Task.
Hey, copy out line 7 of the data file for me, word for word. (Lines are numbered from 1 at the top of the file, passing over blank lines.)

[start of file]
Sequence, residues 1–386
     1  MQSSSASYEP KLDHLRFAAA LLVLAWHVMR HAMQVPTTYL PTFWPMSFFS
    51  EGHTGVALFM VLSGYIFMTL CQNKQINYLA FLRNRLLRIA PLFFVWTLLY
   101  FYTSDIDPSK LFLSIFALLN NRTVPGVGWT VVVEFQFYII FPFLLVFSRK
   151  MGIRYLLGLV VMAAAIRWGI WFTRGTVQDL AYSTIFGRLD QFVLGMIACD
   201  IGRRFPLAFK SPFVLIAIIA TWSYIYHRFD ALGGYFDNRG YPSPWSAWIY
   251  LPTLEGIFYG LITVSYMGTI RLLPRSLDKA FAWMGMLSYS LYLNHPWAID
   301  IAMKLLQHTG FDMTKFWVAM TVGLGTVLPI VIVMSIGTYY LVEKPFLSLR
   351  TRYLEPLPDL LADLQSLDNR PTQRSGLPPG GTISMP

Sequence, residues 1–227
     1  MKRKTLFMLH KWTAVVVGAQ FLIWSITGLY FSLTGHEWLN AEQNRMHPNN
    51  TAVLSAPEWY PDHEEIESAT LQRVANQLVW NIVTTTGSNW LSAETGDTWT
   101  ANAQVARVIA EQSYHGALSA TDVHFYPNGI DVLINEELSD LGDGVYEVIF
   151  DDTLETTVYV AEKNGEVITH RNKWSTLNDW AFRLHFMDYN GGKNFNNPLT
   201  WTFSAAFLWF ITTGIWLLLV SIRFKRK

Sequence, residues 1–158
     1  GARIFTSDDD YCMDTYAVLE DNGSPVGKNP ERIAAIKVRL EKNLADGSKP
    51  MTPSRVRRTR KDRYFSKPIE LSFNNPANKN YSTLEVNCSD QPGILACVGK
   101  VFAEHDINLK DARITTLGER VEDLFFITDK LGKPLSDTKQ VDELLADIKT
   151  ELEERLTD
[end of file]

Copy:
   251  LPTLEGIFYG LITVSYMGTI RLLPRSLDKA FAWMGMLSYS LYLNHPWAID